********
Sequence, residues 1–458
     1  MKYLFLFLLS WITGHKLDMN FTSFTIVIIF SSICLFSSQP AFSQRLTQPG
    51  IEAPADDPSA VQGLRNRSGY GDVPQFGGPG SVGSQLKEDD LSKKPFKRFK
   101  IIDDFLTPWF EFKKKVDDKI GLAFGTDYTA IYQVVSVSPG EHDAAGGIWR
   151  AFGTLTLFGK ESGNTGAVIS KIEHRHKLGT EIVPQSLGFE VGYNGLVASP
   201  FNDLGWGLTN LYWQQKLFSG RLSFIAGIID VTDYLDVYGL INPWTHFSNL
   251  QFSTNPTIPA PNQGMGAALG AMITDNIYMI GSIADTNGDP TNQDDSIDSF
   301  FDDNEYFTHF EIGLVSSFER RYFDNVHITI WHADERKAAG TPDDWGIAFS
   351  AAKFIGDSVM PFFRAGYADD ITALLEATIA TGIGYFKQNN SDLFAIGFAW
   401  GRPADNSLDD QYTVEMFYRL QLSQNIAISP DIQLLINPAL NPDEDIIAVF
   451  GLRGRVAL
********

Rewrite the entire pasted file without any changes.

Sequence, residues 1–458
     1  MKYLFLFLLS WITGHKLDMN FTSFTIVIIF SSICLFSSQP AFSQRLTQPG
    51  IEAPADDPSA VQGLRNRSGY GDVPQFGGPG SVGSQLKEDD LSKKPFKRFK
   101  IIDDFLTPWF EFKKKVDDKI GLAFGTDYTA IYQVVSVSPG EHDAAGGIWR
   151  AFGTLTLFGK ESGNTGAVIS KIEHRHKLGT EIVPQSLGFE VGYNGLVASP
   201  FNDLGWGLTN LYWQQKLFSG RLSFIAGIID VTDYLDVYGL INPWTHFSNL
   251  QFSTNPTIPA PNQGMGAALG AMITDNIYMI GSIADTNGDP TNQDDSIDSF
   301  FDDNEYFTHF EIGLVSSFER RYFDNVHITI WHADERKAAG TPDDWGIAFS
   351  AAKFIGDSVM PFFRAGYADD ITALLEATIA TGIGYFKQNN SDLFAIGFAW
   401  GRPADNSLDD QYTVEMFYRL QLSQNIAISP DIQLLINPAL NPDEDIIAVF
   451  GLRGRVAL